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The Palisades Sill of New Jersey and New York states was emplaced in the Newark Formation in the Upper Triassic, and is about 1000 feet thick. Its form is typical of a hypabyssal sheet except for some dike-like features, which are mainly in the northern part of the intrusion. The sill is a multiple intrusion in which two magma phases of oversaturated tholeiite have been recognized. Olivine crystallized in appreciable amounts only after the emplacement of the second and larger phase. The accumulation of olivine enveloped in early plagioclase and augite determined the location of the famous hyalosiderite dolerite layer above the crystallized part of the first phase. The order in which the essential minerals began to crystallize in each magma phase was olivine, plagioclase, augite, and orthopyroxene. In the northern part of the intrusion, where the Mg-olivine layer is absent, the contact between the two magmas is marked by a reversal in the pyroxene fractionation trend. Equilibrium was established between the two magma phases early in the fractionation sequence. Fractional crystallization dominated the differentiation process, and progressive crystallization proceeded on a normal course to an advanced stage of iron-, silica-, and alkali-enrichment where fayalite granophyre and granophyric dolerite formed.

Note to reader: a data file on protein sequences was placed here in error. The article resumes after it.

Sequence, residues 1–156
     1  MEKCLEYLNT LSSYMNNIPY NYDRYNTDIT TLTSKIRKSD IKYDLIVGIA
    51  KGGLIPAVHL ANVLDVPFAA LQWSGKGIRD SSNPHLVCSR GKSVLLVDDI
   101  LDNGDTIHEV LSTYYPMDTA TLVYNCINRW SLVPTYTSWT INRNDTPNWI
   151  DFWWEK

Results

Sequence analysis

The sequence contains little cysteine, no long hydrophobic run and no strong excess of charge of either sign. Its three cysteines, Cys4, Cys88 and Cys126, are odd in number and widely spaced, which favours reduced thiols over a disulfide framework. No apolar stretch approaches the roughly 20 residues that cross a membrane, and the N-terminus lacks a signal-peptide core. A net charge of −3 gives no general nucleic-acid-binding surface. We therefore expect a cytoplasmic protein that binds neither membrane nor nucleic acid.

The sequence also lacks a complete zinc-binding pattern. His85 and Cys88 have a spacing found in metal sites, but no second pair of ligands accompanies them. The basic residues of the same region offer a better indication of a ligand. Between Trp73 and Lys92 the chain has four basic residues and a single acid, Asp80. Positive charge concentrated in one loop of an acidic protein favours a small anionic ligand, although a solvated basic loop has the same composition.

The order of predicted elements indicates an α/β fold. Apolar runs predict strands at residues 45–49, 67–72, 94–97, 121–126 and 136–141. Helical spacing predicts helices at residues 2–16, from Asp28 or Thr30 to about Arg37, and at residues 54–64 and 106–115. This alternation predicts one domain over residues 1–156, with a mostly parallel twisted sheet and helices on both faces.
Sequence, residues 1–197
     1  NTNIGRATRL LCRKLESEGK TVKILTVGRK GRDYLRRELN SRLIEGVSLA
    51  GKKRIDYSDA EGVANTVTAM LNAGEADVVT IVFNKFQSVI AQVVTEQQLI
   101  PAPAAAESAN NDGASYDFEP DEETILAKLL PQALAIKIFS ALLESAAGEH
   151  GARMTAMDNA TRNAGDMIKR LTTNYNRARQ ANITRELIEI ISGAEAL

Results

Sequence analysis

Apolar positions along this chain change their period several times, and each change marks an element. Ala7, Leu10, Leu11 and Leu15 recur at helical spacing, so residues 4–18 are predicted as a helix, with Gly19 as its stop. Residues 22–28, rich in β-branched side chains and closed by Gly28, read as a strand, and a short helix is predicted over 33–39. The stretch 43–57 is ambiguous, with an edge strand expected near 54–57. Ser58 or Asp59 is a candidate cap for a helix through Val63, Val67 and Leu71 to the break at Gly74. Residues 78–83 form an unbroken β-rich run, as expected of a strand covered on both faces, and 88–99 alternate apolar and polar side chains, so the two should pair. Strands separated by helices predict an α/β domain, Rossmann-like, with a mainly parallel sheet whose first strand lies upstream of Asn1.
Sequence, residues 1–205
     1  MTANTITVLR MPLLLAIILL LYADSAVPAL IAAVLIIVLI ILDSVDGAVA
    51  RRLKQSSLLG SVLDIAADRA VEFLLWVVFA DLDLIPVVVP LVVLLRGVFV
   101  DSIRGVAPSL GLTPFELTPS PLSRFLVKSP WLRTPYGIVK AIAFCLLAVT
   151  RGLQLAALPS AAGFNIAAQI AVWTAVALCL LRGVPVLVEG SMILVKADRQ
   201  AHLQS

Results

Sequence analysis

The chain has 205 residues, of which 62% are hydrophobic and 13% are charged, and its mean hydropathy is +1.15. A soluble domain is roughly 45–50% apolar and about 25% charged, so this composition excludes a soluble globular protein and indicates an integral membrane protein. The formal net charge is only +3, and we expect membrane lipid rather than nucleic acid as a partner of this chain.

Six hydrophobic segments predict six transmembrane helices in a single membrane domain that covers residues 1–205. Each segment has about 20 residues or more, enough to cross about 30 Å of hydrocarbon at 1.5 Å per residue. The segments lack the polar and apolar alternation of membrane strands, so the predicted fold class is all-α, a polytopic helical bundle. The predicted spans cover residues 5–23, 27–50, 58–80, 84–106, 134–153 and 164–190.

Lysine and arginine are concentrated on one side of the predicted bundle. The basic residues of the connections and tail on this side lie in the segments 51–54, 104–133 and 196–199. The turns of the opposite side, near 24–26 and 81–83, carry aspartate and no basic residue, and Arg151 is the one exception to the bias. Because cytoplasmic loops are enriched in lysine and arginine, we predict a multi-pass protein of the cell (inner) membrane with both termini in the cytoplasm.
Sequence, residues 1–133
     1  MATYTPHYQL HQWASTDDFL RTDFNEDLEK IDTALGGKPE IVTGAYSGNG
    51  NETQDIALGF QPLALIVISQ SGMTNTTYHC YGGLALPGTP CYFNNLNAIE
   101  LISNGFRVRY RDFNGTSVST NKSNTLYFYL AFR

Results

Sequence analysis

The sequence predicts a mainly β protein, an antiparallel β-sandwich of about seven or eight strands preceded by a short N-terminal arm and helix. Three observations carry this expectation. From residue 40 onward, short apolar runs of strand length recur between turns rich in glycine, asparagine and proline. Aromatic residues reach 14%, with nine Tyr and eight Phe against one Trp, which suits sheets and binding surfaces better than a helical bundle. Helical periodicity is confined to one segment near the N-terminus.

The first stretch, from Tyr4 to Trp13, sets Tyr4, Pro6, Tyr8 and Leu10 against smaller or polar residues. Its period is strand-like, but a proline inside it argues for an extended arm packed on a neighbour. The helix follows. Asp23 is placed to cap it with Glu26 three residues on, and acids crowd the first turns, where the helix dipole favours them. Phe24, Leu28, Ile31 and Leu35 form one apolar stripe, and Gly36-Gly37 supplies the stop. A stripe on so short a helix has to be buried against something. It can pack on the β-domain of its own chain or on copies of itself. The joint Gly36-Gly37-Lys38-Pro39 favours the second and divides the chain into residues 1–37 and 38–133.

The whole-rock analyses for the major and minor elements, and for B, Nd, Nb, Pb, and Sn, are presented. In addition, element partitioning and the behavior of elements with fractionation have been determined in the sill by studying the variations of Ca, Sr, Ba, Fe, Mn, Ti, Cr, V, Sc, Mg, Co, Ni, Y, Zr, Mo, La, Cu, and Ga in the rock and mineral series. The elements distribute and arrange themselves in crystal lattice sites during fractional crystallization according to their total chemical properties. It is not only the properties of the ion in the liquid, but also its properties within the crystal lattice, which determine its behavior, and the trace cations like the major cations show varying site preference according to their bonding characteristics in different lattice structures.

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